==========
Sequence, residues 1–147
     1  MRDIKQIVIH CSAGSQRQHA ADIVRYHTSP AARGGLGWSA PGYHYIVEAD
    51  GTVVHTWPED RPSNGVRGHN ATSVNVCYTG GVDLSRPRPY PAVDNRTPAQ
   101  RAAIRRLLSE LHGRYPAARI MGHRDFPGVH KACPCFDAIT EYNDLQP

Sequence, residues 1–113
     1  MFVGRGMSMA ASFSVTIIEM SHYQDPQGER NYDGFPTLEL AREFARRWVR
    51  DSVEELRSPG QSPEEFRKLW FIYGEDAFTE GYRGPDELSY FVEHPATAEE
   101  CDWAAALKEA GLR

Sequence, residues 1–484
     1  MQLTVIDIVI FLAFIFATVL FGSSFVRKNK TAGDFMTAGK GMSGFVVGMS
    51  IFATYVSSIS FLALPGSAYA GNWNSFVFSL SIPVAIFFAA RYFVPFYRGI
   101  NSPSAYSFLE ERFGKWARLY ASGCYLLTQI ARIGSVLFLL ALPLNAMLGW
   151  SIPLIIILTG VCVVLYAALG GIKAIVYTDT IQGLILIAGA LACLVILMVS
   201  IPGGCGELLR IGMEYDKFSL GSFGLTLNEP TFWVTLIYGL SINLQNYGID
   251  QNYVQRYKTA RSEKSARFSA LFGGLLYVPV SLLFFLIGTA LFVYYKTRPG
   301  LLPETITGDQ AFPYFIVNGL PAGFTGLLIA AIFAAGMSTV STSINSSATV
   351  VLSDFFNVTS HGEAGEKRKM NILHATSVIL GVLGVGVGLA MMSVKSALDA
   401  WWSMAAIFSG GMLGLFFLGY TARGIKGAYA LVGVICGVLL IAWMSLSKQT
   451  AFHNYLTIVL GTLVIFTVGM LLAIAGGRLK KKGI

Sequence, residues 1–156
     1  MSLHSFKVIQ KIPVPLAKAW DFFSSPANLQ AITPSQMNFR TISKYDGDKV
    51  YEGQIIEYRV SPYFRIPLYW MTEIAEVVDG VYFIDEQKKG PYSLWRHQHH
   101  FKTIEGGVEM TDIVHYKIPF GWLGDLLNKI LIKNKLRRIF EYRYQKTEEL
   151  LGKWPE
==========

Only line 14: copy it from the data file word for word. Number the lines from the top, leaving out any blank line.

   201  IPGGCGELLR IGMEYDKFSL GSFGLTLNEP TFWVTLIYGL SINLQNYGID